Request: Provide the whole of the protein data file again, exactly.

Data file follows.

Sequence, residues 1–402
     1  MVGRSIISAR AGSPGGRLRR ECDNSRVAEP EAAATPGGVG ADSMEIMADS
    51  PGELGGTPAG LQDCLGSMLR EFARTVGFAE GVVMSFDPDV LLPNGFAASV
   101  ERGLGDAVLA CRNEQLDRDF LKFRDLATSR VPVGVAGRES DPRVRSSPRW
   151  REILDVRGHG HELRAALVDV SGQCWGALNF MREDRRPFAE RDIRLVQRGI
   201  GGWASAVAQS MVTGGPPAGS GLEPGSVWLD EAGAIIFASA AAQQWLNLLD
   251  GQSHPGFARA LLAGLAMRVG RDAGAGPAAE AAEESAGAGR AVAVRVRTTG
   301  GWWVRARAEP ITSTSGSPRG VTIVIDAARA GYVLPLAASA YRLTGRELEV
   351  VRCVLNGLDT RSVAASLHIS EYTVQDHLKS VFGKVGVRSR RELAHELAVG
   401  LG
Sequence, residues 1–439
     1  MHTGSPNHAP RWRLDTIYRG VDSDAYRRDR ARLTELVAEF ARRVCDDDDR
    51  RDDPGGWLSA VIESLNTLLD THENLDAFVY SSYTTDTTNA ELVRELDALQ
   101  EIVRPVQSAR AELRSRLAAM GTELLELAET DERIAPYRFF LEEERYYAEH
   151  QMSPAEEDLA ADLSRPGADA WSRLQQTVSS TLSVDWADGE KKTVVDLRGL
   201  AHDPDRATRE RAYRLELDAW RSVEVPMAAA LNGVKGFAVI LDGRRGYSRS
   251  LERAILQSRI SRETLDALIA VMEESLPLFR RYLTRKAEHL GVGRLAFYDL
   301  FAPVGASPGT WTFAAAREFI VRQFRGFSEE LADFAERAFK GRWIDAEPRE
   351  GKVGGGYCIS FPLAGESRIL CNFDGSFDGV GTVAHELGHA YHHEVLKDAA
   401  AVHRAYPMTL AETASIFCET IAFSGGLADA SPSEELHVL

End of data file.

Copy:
Sequence, residues 1–402
     1  MVGRSIISAR AGSPGGRLRR ECDNSRVAEP EAAATPGGVG ADSMEIMADS
    51  PGELGGTPAG LQDCLGSMLR EFARTVGFAE GVVMSFDPDV LLPNGFAASV
   101  ERGLGDAVLA CRNEQLDRDF LKFRDLATSR VPVGVAGRES DPRVRSSPRW
   151  REILDVRGHG HELRAALVDV SGQCWGALNF MREDRRPFAE RDIRLVQRGI
   201  GGWASAVAQS MVTGGPPAGS GLEPGSVWLD EAGAIIFASA AAQQWLNLLD
   251  GQSHPGFARA LLAGLAMRVG RDAGAGPAAE AAEESAGAGR AVAVRVRTTG
   301  GWWVRARAEP ITSTSGSPRG VTIVIDAARA GYVLPLAASA YRLTGRELEV
   351  VRCVLNGLDT RSVAASLHIS EYTVQDHLKS VFGKVGVRSR RELAHELAVG
   401  LG
Sequence, residues 1–439
     1  MHTGSPNHAP RWRLDTIYRG VDSDAYRRDR ARLTELVAEF ARRVCDDDDR
    51  RDDPGGWLSA VIESLNTLLD THENLDAFVY SSYTTDTTNA ELVRELDALQ
   101  EIVRPVQSAR AELRSRLAAM GTELLELAET DERIAPYRFF LEEERYYAEH
   151  QMSPAEEDLA ADLSRPGADA WSRLQQTVSS TLSVDWADGE KKTVVDLRGL
   201  AHDPDRATRE RAYRLELDAW RSVEVPMAAA LNGVKGFAVI LDGRRGYSRS
   251  LERAILQSRI SRETLDALIA VMEESLPLFR RYLTRKAEHL GVGRLAFYDL
   301  FAPVGASPGT WTFAAAREFI VRQFRGFSEE LADFAERAFK GRWIDAEPRE
   351  GKVGGGYCIS FPLAGESRIL CNFDGSFDGV GTVAHELGHA YHHEVLKDAA
   401  AVHRAYPMTL AETASIFCET IAFSGGLADA SPSEELHVL